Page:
In a deal that will launch Clorox Co. into the plastic wrap and bag market, the Oakland, Calif.-based firm is acquiring First Brands Corp. for about $2 billion.
Under terms of a definitive agreement approved by both boards, First Brands shareholders will receive Clorox shares equal to a value of $39 for each First Brands share outstanding. Should Clorox shares trade outside the range of $80-$115, the value that First Brands' shareholders receive for Clorox's shares would be adjusted accordingly. Clorox also will assume about $440 million of First Brands' debt.
First Brands' largest and principal product line is its Glad trash bags, food bags and food wrap. About 69 percent of the company's $1.2 billion in sales come from the household product segment, which is primarily plastic, Clorox spokesman Gil Roeder said in a telephone interview. Clorox will grow the line, he said. The Glad line also makes up 75 percent of First Brands' international sales.
``We're excited by the growth prospects in the bags and wraps business,'' Roeder said.``Clorox believes that category is growing much more quickly than most consumer products in the U.S.''
Clorox, a $2.7 billion company, manufactures laundry additives, household cleaners, charcoal, auto-care products, cat litter and other products. Danbury, Conn.-based First Brands also makes auto-care products, cat litter and home fireplace products, in addition to plastic bags and wrap.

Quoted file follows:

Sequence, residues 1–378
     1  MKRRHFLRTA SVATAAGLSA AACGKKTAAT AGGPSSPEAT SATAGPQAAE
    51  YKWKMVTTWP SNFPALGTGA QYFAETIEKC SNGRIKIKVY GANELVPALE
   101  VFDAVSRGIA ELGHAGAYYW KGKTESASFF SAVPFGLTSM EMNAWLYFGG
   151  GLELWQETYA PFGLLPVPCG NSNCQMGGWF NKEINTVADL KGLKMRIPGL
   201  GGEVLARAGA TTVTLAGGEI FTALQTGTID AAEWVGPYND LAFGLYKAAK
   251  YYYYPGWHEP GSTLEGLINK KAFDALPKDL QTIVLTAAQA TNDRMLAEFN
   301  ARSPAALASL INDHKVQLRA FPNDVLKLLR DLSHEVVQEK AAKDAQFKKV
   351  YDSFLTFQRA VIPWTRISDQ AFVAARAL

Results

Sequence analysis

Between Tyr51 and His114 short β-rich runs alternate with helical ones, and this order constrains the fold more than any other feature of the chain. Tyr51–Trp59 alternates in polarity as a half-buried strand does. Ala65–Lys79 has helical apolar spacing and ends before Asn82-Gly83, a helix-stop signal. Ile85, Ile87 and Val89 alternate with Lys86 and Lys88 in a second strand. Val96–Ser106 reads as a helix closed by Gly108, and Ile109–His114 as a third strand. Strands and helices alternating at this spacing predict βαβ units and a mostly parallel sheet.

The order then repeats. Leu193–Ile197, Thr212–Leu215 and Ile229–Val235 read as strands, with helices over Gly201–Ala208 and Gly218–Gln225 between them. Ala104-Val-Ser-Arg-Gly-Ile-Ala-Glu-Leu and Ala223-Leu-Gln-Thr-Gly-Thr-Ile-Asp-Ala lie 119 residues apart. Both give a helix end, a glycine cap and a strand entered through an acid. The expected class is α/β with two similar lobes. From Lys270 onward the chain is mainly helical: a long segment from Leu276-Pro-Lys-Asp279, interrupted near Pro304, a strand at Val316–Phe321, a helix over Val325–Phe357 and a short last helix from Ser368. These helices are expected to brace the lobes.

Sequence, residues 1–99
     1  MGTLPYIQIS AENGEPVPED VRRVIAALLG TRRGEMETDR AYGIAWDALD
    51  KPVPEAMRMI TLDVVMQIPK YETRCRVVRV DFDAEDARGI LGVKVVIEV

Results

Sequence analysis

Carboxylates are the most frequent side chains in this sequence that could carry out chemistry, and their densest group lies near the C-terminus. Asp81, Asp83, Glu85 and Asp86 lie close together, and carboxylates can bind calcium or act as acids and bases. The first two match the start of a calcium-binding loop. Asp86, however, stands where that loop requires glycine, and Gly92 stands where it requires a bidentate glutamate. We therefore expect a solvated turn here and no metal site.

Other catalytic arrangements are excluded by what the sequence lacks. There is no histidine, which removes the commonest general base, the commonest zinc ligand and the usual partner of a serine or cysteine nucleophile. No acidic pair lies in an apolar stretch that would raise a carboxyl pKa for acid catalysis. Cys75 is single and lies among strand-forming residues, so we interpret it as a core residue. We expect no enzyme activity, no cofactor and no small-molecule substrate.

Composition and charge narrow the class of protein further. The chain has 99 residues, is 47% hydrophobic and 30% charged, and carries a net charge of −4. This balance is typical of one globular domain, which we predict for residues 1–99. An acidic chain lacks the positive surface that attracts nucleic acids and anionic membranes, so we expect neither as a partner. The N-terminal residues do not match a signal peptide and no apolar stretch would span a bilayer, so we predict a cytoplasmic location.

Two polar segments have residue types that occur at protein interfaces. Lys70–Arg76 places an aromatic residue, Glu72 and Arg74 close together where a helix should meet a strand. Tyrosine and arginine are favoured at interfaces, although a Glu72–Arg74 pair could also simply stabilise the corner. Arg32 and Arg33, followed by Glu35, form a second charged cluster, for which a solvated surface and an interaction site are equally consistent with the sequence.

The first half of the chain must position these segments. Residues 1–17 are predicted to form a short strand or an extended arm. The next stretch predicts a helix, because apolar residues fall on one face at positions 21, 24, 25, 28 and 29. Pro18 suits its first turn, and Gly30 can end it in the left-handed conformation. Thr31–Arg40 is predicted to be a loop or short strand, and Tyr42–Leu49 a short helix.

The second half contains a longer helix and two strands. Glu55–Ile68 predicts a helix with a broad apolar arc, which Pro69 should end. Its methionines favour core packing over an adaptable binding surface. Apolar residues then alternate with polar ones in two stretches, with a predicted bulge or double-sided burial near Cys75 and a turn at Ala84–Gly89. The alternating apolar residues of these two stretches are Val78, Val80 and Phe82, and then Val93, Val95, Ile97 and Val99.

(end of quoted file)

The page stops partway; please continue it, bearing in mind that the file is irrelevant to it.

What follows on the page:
``The bags and wraps were a major attraction,'' Roeder said. ``Clorox is focused on growth and the right kind of growth. With the U.S. and international presence, we will improve our market mix around the Glad brand while giving us the opportunity to strengthen and improve our litter and automotive brands.''
The deal will be treated as a pooling of interests for accounting purposes and is structured to be nontaxable to shareholders. Clorox expects to obtain annual savings of about $90 million from cost reductions in the first year.
``This acquisition is a rare opportunity that strikes a great balance between strengthening our existing portfolio in litter and auto-care products while also providing an exciting new platform for the future in the attractive, growing bags and wraps category,'' G. Craig Sullivan, Clorox chairman and chief executive officer, said in a news release.
Clorox expects the transaction to be accretive to earnings in fiscal 1999, before $110 million of one-time transition costs, as well as the impact of certain asset write-downs. The deal, subject to First Brands shareholder and regulatory approval, could be complete by the end of the first quarter of 1999.
First Brands operates 14 plastic wrap and bag plants — seven in the United States and seven overseas.
Teams will be set up to integrate First Brands' operations into the Clorox organization, Roeder said. It is too early to estimate the impact on employees, he added.